Single Review: Yeo – 'Three Dots' (ft. Kira Puru)

Monday, June 26, 2017

Yeo has had a massive year and, it would seem, some late nights. He has been slowly drip-feeding tracks from his forthcoming album Desire Path, which reportedly came together in his ‘studio shed’ and is set to drop on August 18.  A few weeks ago, he released his collaboration with Kira Puru and is titled ‘Three Dots’.  He described the song as being about, “(when) it’s 3 am and you’ve spent too long on your phone stalking and sliding like a sleazebag”.

We have no idea what you mean Yeo?

The start of Three Dots has a slightly organic feel to it — you can almost picture Yeo sitting in his shed (I know it’s a studio shed, but my mind goes straight to a backyard shed) with the air of an energetic kid, banging a drumstick (or whatever utensil he has handy), on any surface within reach.  Not just any kid though, an uber-talented kid who is able to achieve a super decent beat from the workbench or toolbox (or maybe even his boss' head**) nearby.  

Next, add several sound layers and vocal effects onto that and you have the super busy, yet not too cluttered intro to the song.  This welcome chaos then strips back somewhat, giving way to the lyrics that are so — Kylie Jenner Lip Kit/can’t buy a house because of avocado toast/Netflix and chill — millennial that you literally can’t even.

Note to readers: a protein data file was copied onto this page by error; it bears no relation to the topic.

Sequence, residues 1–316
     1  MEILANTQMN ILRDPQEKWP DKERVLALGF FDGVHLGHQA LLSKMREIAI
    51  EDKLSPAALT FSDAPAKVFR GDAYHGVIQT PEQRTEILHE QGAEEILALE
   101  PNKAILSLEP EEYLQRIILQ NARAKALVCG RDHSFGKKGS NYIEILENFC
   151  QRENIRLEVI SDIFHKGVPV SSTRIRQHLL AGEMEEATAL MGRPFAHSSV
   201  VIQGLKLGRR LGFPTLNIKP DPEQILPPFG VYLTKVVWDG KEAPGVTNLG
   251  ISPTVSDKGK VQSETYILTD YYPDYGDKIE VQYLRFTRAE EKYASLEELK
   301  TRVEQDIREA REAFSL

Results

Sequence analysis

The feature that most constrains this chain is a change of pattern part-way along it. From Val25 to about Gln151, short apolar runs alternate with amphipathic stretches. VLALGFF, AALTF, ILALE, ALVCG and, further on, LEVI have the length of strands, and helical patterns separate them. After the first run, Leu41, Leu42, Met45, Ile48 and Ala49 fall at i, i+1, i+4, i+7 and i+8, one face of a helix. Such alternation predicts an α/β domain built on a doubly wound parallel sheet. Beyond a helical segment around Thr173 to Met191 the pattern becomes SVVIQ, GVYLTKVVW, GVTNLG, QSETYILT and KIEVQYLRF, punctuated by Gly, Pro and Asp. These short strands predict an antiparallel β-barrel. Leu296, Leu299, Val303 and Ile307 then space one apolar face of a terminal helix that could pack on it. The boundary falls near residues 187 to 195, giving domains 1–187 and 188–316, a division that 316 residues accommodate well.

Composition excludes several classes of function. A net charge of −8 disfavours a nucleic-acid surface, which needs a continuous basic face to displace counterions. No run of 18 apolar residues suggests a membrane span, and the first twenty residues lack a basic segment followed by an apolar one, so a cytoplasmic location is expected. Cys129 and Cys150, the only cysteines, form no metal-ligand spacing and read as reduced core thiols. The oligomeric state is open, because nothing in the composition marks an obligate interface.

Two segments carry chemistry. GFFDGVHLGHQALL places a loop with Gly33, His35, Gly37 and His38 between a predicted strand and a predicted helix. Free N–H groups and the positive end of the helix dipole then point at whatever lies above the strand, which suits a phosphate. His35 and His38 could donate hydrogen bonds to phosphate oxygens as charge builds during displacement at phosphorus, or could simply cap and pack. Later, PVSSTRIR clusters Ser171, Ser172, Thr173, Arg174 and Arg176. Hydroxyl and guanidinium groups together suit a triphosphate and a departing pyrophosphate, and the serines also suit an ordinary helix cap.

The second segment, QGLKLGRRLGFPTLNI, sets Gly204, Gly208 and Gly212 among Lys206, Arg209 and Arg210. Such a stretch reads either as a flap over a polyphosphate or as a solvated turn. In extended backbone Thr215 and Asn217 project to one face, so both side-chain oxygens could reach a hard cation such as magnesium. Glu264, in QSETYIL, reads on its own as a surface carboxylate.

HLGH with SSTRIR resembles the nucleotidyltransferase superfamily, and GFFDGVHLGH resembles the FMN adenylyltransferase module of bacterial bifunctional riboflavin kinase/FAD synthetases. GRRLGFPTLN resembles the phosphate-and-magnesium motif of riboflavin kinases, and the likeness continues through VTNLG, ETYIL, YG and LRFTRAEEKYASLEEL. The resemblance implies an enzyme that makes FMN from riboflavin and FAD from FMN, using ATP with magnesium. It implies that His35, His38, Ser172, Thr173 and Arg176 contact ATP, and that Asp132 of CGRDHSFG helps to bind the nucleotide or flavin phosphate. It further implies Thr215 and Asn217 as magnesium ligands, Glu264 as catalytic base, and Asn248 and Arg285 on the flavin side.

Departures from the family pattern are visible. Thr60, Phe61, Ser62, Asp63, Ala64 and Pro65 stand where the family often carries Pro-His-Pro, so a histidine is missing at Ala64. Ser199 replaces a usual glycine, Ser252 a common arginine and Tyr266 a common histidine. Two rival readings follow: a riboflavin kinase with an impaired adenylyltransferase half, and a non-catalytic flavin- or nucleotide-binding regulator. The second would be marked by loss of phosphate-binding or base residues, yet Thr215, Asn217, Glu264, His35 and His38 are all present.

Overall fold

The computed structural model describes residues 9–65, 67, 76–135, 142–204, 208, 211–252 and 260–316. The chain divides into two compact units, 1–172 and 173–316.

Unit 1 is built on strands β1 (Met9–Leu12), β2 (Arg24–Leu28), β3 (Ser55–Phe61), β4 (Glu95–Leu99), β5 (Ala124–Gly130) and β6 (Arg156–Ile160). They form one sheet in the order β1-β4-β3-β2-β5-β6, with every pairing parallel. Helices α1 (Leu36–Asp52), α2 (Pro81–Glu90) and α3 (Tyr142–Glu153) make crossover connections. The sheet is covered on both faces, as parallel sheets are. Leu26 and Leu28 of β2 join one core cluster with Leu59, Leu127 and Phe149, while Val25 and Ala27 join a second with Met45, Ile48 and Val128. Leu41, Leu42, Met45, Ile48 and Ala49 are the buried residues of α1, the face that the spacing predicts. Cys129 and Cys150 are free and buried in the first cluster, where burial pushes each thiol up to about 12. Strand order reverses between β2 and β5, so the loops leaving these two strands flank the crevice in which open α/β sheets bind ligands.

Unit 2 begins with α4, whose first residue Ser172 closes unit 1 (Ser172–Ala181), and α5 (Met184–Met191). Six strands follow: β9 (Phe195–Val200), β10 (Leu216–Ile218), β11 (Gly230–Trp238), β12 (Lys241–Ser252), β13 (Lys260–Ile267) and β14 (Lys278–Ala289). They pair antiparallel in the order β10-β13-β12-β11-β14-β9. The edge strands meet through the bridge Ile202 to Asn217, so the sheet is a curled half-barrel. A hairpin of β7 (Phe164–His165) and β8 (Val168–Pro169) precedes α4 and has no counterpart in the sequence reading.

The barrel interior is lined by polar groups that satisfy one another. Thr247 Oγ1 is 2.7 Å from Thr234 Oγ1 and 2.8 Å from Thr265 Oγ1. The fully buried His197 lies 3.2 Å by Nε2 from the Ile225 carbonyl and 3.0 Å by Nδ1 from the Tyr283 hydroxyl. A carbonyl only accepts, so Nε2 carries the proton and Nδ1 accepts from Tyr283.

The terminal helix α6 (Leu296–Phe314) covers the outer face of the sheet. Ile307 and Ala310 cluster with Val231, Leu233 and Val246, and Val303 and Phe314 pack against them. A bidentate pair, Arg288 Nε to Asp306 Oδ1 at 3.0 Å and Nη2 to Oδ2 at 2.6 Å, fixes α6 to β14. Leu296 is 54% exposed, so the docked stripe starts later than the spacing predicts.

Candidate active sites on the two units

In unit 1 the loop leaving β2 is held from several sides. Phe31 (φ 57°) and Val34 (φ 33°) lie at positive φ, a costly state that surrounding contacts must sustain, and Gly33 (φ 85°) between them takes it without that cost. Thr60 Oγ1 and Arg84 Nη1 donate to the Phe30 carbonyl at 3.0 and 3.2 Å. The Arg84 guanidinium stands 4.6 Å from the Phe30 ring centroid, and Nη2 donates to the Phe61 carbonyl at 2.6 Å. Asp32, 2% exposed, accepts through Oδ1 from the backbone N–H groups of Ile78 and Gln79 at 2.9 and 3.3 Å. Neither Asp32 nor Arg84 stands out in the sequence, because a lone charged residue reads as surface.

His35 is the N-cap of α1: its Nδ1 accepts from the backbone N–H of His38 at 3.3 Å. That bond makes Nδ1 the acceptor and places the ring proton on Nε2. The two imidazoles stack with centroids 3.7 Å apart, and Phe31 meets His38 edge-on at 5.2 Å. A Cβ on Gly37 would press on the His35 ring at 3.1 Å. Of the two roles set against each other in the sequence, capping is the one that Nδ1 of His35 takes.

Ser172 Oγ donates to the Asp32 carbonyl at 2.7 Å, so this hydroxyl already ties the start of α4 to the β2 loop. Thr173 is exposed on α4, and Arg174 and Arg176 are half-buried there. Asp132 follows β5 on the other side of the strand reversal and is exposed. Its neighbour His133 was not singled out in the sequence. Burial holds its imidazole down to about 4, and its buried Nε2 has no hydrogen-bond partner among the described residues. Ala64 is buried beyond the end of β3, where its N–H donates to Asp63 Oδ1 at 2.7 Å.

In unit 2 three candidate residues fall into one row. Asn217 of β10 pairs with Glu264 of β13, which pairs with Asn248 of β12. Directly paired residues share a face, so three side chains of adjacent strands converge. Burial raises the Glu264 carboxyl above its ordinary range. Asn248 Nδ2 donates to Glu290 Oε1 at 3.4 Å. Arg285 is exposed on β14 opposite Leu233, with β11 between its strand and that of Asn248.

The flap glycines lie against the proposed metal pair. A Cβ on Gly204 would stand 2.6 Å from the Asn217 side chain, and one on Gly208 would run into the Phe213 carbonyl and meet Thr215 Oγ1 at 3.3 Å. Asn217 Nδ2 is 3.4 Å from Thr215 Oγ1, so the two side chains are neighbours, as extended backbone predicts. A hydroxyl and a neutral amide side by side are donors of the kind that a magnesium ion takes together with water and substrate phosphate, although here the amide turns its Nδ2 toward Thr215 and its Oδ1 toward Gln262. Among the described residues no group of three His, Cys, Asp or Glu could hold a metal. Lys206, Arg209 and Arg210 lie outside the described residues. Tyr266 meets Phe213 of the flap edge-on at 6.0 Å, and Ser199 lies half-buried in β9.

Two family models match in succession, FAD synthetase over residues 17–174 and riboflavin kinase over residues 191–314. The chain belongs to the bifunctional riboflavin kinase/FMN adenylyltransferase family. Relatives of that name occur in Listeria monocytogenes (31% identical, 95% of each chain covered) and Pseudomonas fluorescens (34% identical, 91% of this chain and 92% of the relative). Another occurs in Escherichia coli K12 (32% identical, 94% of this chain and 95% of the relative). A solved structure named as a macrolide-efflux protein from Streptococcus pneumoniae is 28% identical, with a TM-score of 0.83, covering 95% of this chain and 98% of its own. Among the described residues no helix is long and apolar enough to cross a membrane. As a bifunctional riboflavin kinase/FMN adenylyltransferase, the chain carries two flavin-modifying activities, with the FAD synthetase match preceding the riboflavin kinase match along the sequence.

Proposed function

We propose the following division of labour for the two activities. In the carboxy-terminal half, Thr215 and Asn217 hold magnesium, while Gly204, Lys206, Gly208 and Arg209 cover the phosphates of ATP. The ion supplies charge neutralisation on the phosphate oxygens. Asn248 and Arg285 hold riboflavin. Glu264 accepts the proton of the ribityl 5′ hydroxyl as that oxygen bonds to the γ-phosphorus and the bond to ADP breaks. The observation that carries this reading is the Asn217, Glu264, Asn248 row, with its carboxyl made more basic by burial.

I mean it totally describes the way ‘romance’ works now but for some reason, it just seems sad. Interesting though that he refers to the person he’s chatting to as ‘three dots’ in an affectionate capacity.  To me they’re just those infuriating little ellipses that pop up while chatting to someone; to keep you in suspense and sometimes just go away altogether without a message appearing at all. WHAT WERE THEY GOING TO SAY?  Almost as annoying as ‘seen’ without a reply.  Grr.  Anyway, Kira Puru lends her gorgeous Kimbra-esque vocals to the chorus and together they have created a love song for the ages.  Ages 16-24.

BTW — still waiting for Yeo to match like:

Written by Kate Carnell